Washington SPI's

Check your inspection agreement and E&O coverage. Dept. of Agriculture is suspending SPI/ Structural Pest Inspector/ WDO licenses if your inspection agreement contract limits your liability to a monetary value less then whats required by law. ($25,000) Even if client agrees to sign said contract.

The issue as I interpret it:
Inspectors inspection agreement contract that have a clause that limits all responsibility to a refund of the inspection fee or any other nominal amount less then $25,000.

I just got the letter announcement in the mail. Is my interpretation correct?


Is NPMA-33 the form used in Washington?

I’ve used that form, but I typically use the WSPCA form and have integrated it into my inspection software. There is no “right” form or one that WA. State requires us to use…

My understanding, after talking to Dan Soumi, is that only the spi part of your contract has to follow the state rules. You can still limit liability for the rest of the inspection. Allen Insurance okayed a phrase stating “exept where prohibited by law”

Ahhhhhhhhhh good one David. Stephen Stanczyk has submitted a phrase to Cliff Weed for approval,… still waiting on the Attorney Generals “OK” He said. Stay tuned.

I received that letter also. And you are right in that your WDO inspection report contract can not have a limitation of liability below the 25K insurance level.

I am not sure that this will matter much for some inspectors, after the HI licensing goes into effect. I don’t see much value in having an SPI license, if the new HI law allows me to report on wood rot decay and conducive conditions.

For the occasional home I find with Anobiids, Carpenter or Moisture ants, and dampwoods, I do not believe it is worth my time and money to continue to hold an SPI license. (just refer the buyer to a pest control operator for an additional inspection, etc)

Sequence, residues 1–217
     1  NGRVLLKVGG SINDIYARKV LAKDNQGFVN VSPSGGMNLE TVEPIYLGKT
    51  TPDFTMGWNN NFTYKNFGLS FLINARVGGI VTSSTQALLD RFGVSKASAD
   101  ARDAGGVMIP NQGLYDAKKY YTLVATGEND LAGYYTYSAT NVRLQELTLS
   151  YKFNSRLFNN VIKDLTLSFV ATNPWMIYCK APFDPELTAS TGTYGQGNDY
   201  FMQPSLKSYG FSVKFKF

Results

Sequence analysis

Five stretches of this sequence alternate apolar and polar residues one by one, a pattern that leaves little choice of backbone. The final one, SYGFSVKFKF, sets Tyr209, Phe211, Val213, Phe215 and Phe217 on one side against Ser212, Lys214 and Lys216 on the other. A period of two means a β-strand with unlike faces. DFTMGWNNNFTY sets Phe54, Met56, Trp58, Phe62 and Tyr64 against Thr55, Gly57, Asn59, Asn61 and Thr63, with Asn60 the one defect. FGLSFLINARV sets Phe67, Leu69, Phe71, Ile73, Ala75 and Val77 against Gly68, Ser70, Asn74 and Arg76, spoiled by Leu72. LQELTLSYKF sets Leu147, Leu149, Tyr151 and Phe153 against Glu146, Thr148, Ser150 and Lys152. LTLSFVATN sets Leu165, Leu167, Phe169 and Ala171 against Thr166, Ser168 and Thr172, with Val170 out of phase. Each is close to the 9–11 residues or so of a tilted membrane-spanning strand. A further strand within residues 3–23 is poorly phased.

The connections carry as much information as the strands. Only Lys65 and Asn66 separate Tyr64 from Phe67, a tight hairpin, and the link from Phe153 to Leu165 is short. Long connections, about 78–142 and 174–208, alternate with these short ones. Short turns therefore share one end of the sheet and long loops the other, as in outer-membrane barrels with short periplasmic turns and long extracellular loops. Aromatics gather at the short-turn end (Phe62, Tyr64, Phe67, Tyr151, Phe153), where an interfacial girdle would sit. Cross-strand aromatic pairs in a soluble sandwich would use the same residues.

My main reason for having this license was never really to report on bugs, but to report on wood rot decay and its’ conducive conditions. (Because 95% of the time that is the one WDO I do come across.) The new HI law will allow us to do so, without an SPI license (as I understand).

I don’t know about you guys, but I rarely have a buyer who’s lender requests a pest inspection report. Definitely less than 5% of my inspections fit this category.

I agree,… but I think I will keep mine to see what the trend is,…

Ya, and for now that is what I am doing. Really to see how things are going to work. I am not sure what will happen as the HI Board implements the new law, and what they can change.

If I have to spend several hundred on an HI license, I am not crazy about having to also pay for an SPI license and related insurance.

I need to look into what dropping the SPI license would do to my insurance and bonding premiums, for the portion that is related to those. By getting rid of the insurance with a 3 year tail for SPI, it seems that would drop premiums pretty good.

Received an answer back from Cliff Weed this morning. If you add this line at the end of your limitation of liability clause, you are good to go.

“This paragraph does not apply to items that are part of a WSDA Structural Pest Inspector’s Report. Those items are covered by my required financial responsibility insurance coverage.”